Tuesday, July 6, 2010

Photographing Your Projects

Hi All,

I hope you all had a safe and wonderufl fourth of July!

Stunning photographs can be hard, but you don't need a fancy uber expensive camera to get premium photographs (I know - I'm a photographer!) You don't even have to hire a professional photographer! All you need is: 1. A nice quality point-and-shoot camera with a macro feature; and 2. knowledge of light and how to manipulate it. (Also, you don't need an expensive program like Adobe Photoshop, either. I like to use a free program called Irfanview to play with my photographs - it's simple and easy.)

Let's talk about light. Leonard da Vinci spent years studying light. He would drape fabric and draw what he saw and how the light played off of the fabric and where the shadows and folds occurred. Eventually, da Vinci's study of light led to a style of shading technique called chiaroscuro, which allowed da Vinci to paint a broader range of light than he actually saw. This, in turn, provided da Vinci and his viewer with a more 3-D shape, more realistic in depth and tone.

La Belle Ferronniere,
Leonardo da Vinci, 1490-95.

How does this effect your etsy shop photographs? The study of light and how it plays off of your pieces is important because photography is painting with light. Spend a little time figuring out how your setup and the light plays off of your subject and which side it is best lit from - front, back, either side, or top. Take a LOT of photographs of each subject. You'll never get the shot you really want in only a few snaps,and it's better to have more to choose from than not enough. It's key to understand what your light source is, where it is in relation to your piece; and when - as in, time of day, if you're using natural light. (I prefer to photograph between noon - four pm, but the sun is the strongest from noon to two pm.)

Natural light is best to photograph your projects, art, jewelry or otherwise. Sometimes a bright overcast is better because the clouds filter the light and project it evenly on the subject. Direct sunlight will also make your jewelry sparkle! Although, sometimes it can be beneficial to not photograph in super bright direct light, it depends on the situation. Play with it a little bit and see what works for you.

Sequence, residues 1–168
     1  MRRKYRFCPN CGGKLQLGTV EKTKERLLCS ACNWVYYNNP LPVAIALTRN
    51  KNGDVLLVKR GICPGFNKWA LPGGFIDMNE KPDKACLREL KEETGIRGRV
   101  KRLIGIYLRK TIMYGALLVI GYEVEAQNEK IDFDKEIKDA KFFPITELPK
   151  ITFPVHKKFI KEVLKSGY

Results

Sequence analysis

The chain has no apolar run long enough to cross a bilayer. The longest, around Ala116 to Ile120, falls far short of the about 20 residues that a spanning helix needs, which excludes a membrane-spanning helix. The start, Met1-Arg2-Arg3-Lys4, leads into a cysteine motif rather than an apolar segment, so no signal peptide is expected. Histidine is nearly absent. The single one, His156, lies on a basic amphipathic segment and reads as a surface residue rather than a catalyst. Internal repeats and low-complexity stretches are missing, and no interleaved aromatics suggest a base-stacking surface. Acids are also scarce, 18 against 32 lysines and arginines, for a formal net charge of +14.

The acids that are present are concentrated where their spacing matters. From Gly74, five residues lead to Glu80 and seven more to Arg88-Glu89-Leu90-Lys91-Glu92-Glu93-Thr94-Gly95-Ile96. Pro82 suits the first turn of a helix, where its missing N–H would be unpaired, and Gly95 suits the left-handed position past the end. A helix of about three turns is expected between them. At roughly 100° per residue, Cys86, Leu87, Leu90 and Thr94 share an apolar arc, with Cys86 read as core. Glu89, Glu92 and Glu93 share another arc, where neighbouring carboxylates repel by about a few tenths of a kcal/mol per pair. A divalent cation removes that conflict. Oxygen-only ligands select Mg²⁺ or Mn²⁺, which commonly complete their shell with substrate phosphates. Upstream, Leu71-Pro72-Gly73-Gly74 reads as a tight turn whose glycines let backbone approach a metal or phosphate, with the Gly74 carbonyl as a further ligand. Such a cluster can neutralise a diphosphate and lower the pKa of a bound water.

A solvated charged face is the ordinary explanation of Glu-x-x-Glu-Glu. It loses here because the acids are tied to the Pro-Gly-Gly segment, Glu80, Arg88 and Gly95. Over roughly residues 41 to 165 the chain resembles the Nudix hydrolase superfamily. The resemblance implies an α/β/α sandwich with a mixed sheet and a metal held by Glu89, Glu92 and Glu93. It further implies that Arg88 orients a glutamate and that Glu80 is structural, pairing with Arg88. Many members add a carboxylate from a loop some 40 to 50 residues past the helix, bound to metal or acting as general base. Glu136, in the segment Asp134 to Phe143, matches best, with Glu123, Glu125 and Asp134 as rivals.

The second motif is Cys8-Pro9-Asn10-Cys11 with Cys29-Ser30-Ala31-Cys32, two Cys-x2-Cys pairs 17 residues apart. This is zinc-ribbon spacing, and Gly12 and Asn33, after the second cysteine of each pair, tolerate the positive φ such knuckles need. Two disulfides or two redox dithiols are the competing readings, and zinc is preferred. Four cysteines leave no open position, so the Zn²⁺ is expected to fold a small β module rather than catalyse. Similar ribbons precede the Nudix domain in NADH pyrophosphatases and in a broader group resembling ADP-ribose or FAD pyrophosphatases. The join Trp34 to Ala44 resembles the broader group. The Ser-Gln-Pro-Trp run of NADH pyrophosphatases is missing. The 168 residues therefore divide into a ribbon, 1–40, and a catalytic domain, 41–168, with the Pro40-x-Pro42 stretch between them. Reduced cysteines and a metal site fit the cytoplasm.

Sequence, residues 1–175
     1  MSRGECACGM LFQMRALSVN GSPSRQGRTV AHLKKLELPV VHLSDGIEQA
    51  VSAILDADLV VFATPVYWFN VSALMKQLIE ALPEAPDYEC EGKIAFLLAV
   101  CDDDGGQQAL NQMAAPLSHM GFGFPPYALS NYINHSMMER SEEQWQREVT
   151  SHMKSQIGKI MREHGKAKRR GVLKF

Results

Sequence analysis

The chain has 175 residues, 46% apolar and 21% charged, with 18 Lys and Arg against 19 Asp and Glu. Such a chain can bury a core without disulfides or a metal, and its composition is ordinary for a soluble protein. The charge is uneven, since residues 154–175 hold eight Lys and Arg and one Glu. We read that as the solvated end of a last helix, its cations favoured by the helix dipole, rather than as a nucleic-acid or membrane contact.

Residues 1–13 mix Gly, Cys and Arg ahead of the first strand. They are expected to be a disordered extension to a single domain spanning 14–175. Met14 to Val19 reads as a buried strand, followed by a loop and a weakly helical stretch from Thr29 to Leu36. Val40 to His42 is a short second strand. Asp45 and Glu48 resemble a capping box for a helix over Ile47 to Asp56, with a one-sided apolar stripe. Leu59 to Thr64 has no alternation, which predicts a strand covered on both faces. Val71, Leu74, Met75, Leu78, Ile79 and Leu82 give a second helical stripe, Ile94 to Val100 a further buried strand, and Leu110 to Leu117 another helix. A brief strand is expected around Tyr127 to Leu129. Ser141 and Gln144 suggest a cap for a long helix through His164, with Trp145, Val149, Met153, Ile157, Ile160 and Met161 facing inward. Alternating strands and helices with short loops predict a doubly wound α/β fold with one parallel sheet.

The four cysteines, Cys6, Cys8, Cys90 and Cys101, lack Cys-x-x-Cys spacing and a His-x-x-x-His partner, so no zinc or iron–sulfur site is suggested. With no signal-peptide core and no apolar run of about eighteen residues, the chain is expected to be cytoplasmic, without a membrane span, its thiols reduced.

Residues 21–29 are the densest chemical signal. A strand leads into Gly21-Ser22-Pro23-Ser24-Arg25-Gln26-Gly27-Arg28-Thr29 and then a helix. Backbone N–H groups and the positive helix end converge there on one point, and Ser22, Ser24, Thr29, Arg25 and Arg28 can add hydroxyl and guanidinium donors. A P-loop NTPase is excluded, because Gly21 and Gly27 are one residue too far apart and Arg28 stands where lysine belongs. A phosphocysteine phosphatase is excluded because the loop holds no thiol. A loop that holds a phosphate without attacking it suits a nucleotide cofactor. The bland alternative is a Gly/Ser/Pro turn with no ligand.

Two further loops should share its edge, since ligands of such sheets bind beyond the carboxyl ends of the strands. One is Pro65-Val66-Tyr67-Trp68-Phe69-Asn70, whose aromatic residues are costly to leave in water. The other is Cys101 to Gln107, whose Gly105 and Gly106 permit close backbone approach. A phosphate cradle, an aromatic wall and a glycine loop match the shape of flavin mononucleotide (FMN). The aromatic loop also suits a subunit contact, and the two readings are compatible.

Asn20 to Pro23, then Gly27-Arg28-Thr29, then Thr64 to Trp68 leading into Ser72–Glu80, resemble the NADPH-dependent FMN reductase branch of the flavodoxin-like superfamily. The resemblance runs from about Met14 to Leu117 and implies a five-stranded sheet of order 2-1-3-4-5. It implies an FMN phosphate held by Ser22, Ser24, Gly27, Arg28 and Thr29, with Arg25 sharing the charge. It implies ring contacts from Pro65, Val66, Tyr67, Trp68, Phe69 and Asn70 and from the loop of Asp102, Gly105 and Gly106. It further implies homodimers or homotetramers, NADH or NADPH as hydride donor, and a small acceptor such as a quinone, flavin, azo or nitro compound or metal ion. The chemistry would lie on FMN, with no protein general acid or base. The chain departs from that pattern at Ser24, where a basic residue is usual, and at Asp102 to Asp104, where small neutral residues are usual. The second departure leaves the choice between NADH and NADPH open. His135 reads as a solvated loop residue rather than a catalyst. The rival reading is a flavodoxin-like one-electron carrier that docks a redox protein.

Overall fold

Typically I like to take the piece outside and set it up on a table or railing and photograph it there. Other times, if I can't take it outside, I'll set the card up right next to a window where I get the most natural light. In these cases I like to use a simple, plain bright background that contrasts with the card to make the colors pop.

If you decide to photograph inside, using a non-natural light, you may be disappointed with the results. You may get a yellowish tinge and will have to drastically lighten your photo to get the desired results.

[Inside, yucky lighting]

You *can*, however, purchase light bulbs that immitate natural light and may be suitable for photography - known as Full Spectrum Light Bulbs, they supposedly help with Seasonal Affective Disorder and Depression as well.

Here are a few more examples of different lighting scenarios:

[Inside, direct natural light with background - early afternoon]


[Outside, direct natural light - mid day]


[Outside, direct natural light, late in the afternoon.]
Notice the shadow in back, as opposed to the previous photo. The lighting is also softer.

If you can't photograph outside, there are several options that are open to you. One is a small lightbox that you can purchase (or make yourself) for just this purpose. Often times the lights come with these lightbox studios when u purchase them, but you can also use bright household swivel study desk lamps, or purchase a light at JoAnn's. (I've seen some lights specifically for beading or needlework that look like they'd be good.) Portable studios run anywhere from $35.00 to $350.00 - it really depends on how much money you want to spend.
[portable studio]


[My result from my portable studio]
If the light box is the type of set up you prefer, but you don't want to spend money, I have known people to make their own. This is a simple, easy and cost-effective way to start off getting high quality photographs.  See the Light Box Tutorial here.

There is also another way to photograph. You can take a box and a large background paper (some people like to use printed background papers to make their pieces pop, but I find the print can be distracting and fussy) and clamp the paper to the box and the top. Then place your piece in front of the box with the paper. Use a desk lamp with a swivel arm to light the piece and snap away! This is how Kristina Werner lights and photographs her cards.



Try to photograph in the same location at a similar time each time you photograph. Take a lot of pictures of a lot of different pieces all at once. I have found that this really helps the overall cohesiveness of the shop.  It adds the same feeling to each of the photos and ties the shop together.

I hope you all enjoyed this. Please let me know if you have any questions.
Till next time!

2 comments:

  1. Truly awesome to have read your article and has shed some new insight as to how I need to take more time and evaluate my photos prior to listing. I've often referred to my pics in my shop as "ghetto" as such they are in comparison to some of the other shops. Thanks for sharing and definately something I must consider changing, easier said that done, hehe!! Have a great weekend!

    ReplyDelete
  2. Yes, great care should be taken when photographing. It's the first thing your buyer sees. A picture is indeed worth a 1,000 words. Glad this helped.

    ReplyDelete

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